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For a band still regarded as cheeky chaps with a simple, innocent boy-next-door charm, Lennon’s admission on arriving by plane to the Bahamas gave the game away about their drug use.

The interviewer was suitably shocked, responding: “Alright. I know you’re only kidding.”

But Lennon wasn’t joking. Fortunately at the time, the interview wasn’t used in print and, according to the Dangerous Minds website, “it remained buried on the reporter’s tape”.

Dangerous Minds adds: “While the media were well aware that The Beatles (and most of the other groups of the period) took drugs, there was no need for them to spill the beans and spoil the party. By 1965 standards, The Beatles were still good cheeky copy - guaranteed to bring a smile to the nation’s breakfast tables, and still with the consent of Britain’s parents, the girls and boys could shower them with unbridled adoration.”

In-flight entertainment

On February 22, 1965, the Fab Four, together with fellow co-stars, departed London Airport aboard a specially chartered Boeing 707 BOAC – Cunard flight for the Bahamas, via New York to film the band’s second feature film, Help!

George Harrison gave further insight to their ‘in-flight entertainment’: “Brandon De Wilde was an actor, a James Dean type. He liked The Beatles' music and he heard we were going to film in the Bahamas, so he came over from the States with a big bag of reefer.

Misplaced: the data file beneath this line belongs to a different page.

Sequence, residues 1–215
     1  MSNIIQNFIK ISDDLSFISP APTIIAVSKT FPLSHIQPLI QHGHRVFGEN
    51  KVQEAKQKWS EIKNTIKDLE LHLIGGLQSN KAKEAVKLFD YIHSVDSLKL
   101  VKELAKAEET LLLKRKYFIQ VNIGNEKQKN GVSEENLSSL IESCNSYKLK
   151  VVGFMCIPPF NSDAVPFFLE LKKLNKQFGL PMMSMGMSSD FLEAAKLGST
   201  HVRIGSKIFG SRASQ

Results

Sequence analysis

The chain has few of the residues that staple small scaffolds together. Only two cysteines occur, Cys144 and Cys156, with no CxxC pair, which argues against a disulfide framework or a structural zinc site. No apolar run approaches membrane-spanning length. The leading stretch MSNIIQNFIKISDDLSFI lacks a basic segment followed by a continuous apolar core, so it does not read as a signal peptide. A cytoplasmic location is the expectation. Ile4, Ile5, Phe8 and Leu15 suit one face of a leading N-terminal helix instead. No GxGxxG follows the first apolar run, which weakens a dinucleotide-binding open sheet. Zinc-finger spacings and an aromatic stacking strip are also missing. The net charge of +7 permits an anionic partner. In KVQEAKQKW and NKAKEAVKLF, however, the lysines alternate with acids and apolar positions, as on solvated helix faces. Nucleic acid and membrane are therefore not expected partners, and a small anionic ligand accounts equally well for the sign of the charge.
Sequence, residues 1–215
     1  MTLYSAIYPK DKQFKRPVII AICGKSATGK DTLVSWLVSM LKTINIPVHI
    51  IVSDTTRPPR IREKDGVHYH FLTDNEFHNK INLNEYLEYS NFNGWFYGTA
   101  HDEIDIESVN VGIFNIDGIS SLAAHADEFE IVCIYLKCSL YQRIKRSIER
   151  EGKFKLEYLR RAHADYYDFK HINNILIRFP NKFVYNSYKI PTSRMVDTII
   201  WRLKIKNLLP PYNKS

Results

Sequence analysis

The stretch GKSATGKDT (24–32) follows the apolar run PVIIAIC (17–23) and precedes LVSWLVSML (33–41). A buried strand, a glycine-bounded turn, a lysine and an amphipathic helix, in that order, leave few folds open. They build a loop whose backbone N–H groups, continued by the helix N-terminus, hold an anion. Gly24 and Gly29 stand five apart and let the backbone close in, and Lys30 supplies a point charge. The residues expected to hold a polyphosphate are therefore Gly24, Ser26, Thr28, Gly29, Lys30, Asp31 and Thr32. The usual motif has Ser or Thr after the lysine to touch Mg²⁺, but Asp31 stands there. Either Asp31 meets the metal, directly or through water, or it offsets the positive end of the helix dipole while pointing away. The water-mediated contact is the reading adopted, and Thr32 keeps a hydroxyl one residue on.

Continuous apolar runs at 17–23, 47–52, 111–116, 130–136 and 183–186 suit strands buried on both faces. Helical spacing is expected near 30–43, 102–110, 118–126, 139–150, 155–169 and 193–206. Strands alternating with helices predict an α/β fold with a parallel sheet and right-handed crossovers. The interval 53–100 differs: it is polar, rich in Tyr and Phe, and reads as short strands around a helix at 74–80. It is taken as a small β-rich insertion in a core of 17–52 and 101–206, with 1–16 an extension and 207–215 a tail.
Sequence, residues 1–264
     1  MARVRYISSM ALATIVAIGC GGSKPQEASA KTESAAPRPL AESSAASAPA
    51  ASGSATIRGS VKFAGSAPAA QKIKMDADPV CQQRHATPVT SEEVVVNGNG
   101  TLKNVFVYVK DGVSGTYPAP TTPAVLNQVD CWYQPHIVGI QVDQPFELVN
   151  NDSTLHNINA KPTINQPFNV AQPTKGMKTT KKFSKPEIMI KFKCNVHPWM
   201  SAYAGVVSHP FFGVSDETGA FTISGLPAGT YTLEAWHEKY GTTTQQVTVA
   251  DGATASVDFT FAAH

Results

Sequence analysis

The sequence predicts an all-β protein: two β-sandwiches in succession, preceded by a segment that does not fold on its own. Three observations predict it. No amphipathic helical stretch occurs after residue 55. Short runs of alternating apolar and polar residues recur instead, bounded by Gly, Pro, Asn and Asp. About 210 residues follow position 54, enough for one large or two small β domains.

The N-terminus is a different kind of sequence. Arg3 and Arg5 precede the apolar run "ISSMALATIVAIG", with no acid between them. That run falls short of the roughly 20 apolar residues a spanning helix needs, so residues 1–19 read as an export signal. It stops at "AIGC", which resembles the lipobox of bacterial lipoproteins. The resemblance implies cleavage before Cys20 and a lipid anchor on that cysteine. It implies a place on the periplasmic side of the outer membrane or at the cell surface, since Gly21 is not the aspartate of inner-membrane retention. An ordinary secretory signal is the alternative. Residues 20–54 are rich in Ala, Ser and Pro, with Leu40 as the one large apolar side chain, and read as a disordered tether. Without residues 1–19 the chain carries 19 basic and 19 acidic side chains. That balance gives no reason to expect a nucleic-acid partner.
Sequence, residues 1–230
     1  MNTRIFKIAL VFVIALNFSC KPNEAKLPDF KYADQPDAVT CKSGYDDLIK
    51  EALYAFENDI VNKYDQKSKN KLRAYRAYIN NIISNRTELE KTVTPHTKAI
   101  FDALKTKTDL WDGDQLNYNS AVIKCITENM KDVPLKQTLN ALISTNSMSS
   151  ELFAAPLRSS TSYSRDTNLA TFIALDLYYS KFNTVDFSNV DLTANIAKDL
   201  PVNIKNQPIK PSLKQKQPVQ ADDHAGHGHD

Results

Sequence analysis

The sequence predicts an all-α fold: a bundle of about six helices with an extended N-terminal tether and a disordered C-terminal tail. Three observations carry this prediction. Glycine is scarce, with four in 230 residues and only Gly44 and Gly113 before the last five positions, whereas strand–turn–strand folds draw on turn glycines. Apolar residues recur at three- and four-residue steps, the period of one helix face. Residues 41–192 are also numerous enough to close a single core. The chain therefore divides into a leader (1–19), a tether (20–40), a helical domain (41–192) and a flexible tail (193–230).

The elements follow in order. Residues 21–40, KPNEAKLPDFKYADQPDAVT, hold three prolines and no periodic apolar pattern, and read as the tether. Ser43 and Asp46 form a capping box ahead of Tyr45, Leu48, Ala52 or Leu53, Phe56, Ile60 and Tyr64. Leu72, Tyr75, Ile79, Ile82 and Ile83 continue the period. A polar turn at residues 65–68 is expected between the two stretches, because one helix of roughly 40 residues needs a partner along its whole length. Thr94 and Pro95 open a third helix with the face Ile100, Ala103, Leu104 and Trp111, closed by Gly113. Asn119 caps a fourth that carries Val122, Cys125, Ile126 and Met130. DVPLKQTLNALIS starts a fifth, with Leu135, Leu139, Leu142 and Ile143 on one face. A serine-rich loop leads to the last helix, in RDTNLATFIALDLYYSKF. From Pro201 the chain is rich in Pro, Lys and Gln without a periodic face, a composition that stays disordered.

“We smoked on the plane, all the way to the Bahamas. It was a charter flight, with all the film people – the actors and the crew – and we thought, ‘No, nobody will notice’. We had Mal smoking cigars to drown out the smell.”

Fifty-three years, London saleroom Spink is offering the menu from that very flight signed by all four Beatles, together with co-stars from Help!

The BOAC – Cunard Lunch and Afternoon Tea Menu comprises an outer card menu of colourful and artistic design, 4.5 x 11in  (27 x 19cm), the back cover of outer card signed (descending the page) Paul McCartney, John Lennon, Ringo Starr, George Harrison, together with extra autographs from Eleanor Bron, Roy Kinnear and Billy Wyatt, all signed in black or blue biro with the exception of Starr (black felt tip) and Kinnear (red felt tip).

The signed menu is estimated at £5000-6000 in the Spink auction on July 24-25.

It was gifted to the pilot of that flight, Wing Commander EE ‘Rod’ Rodley, DSO, DFC, AFC, and has been consigned to auction by his estate.

Outstanding service

Rodley’s medal group is actually offered as the lot before this menu in the Spink sale, estimated at £8000-12,000.

His outstanding wartime service suggests a plane full of stoned popstars and entourage would not really worry him that much. His medal group is one of just seven such combinations of gallantry awards won by the RAF in the Second World War.

A long-serving pilot of No. 97 Squadron, who often acted as Marker in Path Finder Force operations, Rodley amassed an impressive tally of 76 operational sorties, among them the famous attack on Peenemunde in August 1943.

For more...

Dangerous Minds has a copy of the Lennon Bahamas interview available on its website and a longer article about the background to the Bahamas trip.